The emperor was very impressed and saw that the message of the Guru was indeed God sent, he acknowledged the appeal of the scriptures and paid the Guru a visit some time later. By the period of the tenth master, there had arrived more turbulent times. Guru Gobind Singh Ji had been involved in a number of militant encounters with the Mugal regime, when all methods of restoring peace and upholding the rights of the innocent have failed, it is just to draw the sword, rightful is the flash of steel Said he. His popularity amongst the populace had caused for the local hill chiefs and Rajas to become jealous. Although the Guru did not offer worldly prizes, whereas the Rajas did, the Guru's followers were very content with the guarantee of spiritual salvation, this in itself was enough to draw away the folks from the courts of the Rajas and into the court of the Guru.

Vaisakhi 1699.

The year 1698 did not see any major expeditions, towards the end of that peaceful year, the Guru had announced that the Vaisakhi of 1699 would be an important one. Every Sikh who claimed allegiance to the Guru's teachings should make their way to the city of Anandpur. This request was sent to the farthest corners of that subcontinent. Nothing was revealed as to the planned proceedings of that day and the Sikhs did not require a breakdown of plans, for the Hukam of the Guru was enough. Vaisakhi is the beginning of the Indian year and it was traditionally a very happy period. A tent had been erected some days before on top of a hill and the Guru had spent his last few days in this.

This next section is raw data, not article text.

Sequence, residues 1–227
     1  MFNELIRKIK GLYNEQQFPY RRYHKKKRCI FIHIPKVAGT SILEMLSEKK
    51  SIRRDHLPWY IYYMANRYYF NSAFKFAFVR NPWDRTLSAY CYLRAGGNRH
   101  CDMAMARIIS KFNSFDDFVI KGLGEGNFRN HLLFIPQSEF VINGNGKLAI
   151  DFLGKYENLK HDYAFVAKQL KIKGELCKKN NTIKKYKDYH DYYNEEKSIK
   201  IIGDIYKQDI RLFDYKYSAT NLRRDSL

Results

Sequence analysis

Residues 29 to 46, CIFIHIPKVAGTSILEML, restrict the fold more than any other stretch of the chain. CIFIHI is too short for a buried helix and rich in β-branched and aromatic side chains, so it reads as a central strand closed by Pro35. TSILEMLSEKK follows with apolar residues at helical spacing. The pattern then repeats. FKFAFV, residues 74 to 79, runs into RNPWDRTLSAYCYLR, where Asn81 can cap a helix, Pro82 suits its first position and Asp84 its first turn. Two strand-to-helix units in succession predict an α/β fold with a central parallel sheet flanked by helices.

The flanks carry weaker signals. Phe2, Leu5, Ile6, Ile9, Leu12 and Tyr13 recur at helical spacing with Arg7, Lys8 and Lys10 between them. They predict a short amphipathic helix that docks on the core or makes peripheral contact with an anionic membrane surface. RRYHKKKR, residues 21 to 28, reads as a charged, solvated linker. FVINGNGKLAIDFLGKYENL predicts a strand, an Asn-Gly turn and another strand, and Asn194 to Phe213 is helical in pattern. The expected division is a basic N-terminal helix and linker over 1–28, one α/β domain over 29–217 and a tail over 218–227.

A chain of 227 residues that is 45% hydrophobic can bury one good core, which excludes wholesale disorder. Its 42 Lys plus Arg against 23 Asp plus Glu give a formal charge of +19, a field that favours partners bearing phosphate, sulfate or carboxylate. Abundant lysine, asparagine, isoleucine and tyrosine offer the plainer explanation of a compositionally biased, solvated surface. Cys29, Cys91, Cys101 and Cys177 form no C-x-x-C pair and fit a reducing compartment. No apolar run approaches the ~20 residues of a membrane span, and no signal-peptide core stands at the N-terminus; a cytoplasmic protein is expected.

On the morning of the Vaisakhi, the Guru asked that the Asa Di Var and kirtan be performed until he appeared from the tent. The Kirtanis carried out the Guru's command. During that period - from early in the morning before the sunrise - up to his appearance, many thousands had appeared. They had arrived from many hundreds of miles away, as the importance of the event had become well known. They were old and young alike, people of all castes and backgrounds and of all faiths, for in the Guru's company, no distinction was made as to race and creed.

When the Guru appeared, his face was as bold as had ever been seen. In one hand he held his Kirpan and he gestured for the Kirtanis to stop singing. The prophet walked across the platform magnificently and looked at the mass of devotees that had arrived with faith unknowing what to expect. He stood for a moment in silence and looked out at the thousands that sat before him. As far as the eyes could see there were the heads of the devotees.